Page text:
Scientists at the University of Bath have identified how a mutant gene in fish is involved in controlling stem cells.
A new study from the group of Professor Robert Kelsh in the Department of Biology & Biochemistry looks at how a novel group of stem cells are controlled by mutations in a gene called parade.
They identified a new set of stem cells in zebrafish, which eventually become skin pigment cells of different colours. Populations of pigment stem cells are formed in the embryonic stages of development, but are then dormant and don’t mature into a final cell type until adulthood. This development is controlled by a range of factors called the “stem cell niche” – including surrounding cell types, blood supply and signals from nerves.
In parade mutants the zebrafish show large numbers of abnormally positioned pigment cells near the main blood vessels, lined up "like soldiers on parade".
The Bath team’s work demonstrates that these pigment cells derive from this newly-discovered population of stem cells, which in the parade mutants become activated long before normal. Their research also showed that the key problem in parade mutant lies in the blood vessels, indicating that the blood vessels form a crucial part of the niche controlling this group of stem cells. Prof. Kelsh said: “This is the first time that blood vessels have been shown to help control pigment stem cells, although they are a widespread feature of other stem cell niches. We expect that some of the factors controlling these pigment stem cells will be shared with other stem cell niches.”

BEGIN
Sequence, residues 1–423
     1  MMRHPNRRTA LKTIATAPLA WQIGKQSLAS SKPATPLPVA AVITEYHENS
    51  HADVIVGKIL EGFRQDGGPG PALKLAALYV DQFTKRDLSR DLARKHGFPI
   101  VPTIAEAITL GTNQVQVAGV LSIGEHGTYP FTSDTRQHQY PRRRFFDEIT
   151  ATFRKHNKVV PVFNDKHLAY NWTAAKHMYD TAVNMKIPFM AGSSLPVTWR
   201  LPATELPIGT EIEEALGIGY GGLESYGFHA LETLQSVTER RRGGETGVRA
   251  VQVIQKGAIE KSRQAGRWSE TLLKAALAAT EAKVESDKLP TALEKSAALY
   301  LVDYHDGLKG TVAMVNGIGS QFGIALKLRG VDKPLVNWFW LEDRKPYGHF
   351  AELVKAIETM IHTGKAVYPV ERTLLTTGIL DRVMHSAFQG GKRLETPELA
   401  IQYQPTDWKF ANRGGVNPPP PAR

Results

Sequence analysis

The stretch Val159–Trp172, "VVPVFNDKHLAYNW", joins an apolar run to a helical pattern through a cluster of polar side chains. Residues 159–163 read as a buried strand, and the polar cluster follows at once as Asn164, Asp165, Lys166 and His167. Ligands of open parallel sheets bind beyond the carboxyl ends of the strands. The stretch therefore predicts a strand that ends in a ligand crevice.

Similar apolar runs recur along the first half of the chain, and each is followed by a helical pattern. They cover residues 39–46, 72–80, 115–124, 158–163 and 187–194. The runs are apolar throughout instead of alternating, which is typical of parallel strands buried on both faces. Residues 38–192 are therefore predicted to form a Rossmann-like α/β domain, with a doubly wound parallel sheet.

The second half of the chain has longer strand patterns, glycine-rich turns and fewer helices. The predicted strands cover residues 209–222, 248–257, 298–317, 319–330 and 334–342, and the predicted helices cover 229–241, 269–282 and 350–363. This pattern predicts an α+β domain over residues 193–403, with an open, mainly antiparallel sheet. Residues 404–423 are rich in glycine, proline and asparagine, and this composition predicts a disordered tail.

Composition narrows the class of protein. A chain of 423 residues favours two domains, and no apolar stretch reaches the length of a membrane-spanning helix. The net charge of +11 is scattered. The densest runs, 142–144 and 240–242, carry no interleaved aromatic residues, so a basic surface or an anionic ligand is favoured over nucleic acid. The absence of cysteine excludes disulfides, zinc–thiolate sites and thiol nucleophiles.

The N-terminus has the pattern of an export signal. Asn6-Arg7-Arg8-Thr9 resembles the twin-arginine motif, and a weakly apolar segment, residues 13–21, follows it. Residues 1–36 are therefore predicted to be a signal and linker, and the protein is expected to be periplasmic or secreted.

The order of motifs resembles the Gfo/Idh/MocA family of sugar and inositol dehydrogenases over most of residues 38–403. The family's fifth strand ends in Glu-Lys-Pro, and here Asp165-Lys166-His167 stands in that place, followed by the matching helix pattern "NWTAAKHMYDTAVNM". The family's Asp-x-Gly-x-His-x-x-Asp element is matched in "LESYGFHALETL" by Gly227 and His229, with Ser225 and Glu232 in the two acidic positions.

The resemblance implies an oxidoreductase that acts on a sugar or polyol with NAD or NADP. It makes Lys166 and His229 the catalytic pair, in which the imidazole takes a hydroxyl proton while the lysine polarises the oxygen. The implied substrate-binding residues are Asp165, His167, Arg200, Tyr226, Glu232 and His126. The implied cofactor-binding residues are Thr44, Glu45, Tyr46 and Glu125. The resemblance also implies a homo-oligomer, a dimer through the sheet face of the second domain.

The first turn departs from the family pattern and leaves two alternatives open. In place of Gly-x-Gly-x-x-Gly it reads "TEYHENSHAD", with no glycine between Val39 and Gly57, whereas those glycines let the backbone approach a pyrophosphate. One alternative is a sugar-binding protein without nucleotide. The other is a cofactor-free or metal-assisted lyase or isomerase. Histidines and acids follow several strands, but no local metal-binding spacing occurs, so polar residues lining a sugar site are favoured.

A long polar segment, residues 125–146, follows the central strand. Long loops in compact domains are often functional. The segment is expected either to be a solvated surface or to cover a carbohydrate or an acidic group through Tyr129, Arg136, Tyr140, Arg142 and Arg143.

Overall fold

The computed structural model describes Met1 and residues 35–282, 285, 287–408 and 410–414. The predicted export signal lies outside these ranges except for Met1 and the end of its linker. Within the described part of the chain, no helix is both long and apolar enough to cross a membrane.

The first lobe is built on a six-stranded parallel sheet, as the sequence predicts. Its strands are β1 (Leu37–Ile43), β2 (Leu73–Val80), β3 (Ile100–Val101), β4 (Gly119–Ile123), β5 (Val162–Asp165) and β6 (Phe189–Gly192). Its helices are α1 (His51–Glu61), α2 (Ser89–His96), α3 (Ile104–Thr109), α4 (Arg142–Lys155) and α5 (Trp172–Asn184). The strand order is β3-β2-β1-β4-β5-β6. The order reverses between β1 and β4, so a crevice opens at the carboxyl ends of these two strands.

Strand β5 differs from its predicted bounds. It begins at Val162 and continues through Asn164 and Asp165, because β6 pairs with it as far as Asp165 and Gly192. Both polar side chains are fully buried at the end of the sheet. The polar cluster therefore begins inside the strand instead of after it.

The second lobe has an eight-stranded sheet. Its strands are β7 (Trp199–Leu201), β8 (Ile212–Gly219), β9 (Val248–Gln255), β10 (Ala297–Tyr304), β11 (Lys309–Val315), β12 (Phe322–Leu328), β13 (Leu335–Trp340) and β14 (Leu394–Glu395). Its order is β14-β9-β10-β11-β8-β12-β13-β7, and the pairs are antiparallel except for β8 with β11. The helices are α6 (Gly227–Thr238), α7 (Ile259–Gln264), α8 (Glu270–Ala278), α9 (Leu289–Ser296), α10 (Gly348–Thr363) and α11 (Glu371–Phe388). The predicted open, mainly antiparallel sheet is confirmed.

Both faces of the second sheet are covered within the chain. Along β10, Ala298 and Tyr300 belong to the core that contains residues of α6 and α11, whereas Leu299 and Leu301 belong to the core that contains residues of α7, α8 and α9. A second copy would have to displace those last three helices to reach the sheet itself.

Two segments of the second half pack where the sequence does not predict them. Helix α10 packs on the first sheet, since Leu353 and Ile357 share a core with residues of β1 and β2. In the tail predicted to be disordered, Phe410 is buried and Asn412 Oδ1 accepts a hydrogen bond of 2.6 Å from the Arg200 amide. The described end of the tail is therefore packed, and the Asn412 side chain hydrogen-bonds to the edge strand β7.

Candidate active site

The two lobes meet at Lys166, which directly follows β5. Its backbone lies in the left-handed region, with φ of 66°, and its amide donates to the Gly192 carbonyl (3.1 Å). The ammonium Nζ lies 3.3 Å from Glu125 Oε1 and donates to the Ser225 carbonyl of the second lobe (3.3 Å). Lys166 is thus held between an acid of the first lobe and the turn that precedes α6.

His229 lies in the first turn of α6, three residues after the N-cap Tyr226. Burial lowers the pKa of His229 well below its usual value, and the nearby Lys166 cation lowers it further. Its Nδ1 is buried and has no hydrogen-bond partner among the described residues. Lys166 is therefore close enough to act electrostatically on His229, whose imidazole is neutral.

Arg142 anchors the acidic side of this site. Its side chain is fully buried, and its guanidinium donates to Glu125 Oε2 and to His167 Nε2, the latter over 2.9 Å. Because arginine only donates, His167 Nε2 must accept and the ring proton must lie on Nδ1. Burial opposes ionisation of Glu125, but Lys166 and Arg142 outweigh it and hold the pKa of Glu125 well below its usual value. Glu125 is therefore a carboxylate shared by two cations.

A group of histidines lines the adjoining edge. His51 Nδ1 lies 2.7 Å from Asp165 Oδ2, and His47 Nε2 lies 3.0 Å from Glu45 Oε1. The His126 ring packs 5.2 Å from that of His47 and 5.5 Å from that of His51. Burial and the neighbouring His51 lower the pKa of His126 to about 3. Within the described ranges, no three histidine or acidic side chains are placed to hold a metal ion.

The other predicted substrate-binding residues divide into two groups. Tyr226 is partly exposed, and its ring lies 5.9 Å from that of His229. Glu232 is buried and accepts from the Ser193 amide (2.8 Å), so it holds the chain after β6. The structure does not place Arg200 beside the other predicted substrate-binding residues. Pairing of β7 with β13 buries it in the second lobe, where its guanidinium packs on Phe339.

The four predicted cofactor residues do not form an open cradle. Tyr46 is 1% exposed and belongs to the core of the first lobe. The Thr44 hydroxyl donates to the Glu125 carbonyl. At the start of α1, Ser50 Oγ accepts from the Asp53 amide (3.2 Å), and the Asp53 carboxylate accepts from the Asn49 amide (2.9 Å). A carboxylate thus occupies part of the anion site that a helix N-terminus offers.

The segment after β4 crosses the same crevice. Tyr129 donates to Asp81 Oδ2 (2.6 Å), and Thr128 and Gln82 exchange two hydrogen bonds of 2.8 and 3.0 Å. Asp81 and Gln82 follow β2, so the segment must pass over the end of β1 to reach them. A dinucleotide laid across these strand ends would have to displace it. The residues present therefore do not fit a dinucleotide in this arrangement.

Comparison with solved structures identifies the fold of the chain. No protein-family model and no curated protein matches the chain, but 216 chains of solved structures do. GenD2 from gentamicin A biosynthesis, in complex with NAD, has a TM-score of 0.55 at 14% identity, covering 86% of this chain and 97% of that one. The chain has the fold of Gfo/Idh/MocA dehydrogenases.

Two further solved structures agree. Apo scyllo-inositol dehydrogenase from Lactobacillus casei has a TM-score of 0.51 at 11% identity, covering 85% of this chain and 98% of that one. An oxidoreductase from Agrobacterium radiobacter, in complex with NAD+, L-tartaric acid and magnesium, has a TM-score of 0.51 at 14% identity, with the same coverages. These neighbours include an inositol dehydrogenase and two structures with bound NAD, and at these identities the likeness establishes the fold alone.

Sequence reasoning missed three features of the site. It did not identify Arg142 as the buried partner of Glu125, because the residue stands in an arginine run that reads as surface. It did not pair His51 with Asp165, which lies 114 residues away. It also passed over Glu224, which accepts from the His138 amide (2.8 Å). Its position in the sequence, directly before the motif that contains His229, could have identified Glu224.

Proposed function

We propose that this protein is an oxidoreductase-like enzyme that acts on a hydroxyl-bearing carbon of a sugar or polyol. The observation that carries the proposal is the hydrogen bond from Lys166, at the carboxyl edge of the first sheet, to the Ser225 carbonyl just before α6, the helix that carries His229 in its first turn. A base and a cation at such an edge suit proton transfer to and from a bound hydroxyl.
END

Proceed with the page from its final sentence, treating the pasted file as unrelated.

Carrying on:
Karen Camargo-Sosa, the lead author whose PhD thesis work contributed to this paper, added: “Our research has shown that the parade gene must regulate the signals controlling the division of adult pigment stem cells; this is the first time the parade gene has been implicated in stem cell regulation.”
The study is published in the journal PLOS Genetics.
The group is now poised to explore how these features of the pigment stem cell niche control their behaviour, identifying which chemical signals from the blood vessels hold the stem cells in an inactive state, and which drive them to metamorphose – what turns them off, and what turns them on.
This study resulted from a collaboration between Professor Kelsh’s group and colleagues at the University of Edinburgh and the Wellcome Trust Sanger Institute. The research was funded by the Biotechnology and Biological Sciences Research Council (BBSRC), Medical Research Council (MRC), European Research Council and L’Oreal-Melanoma Research Alliance.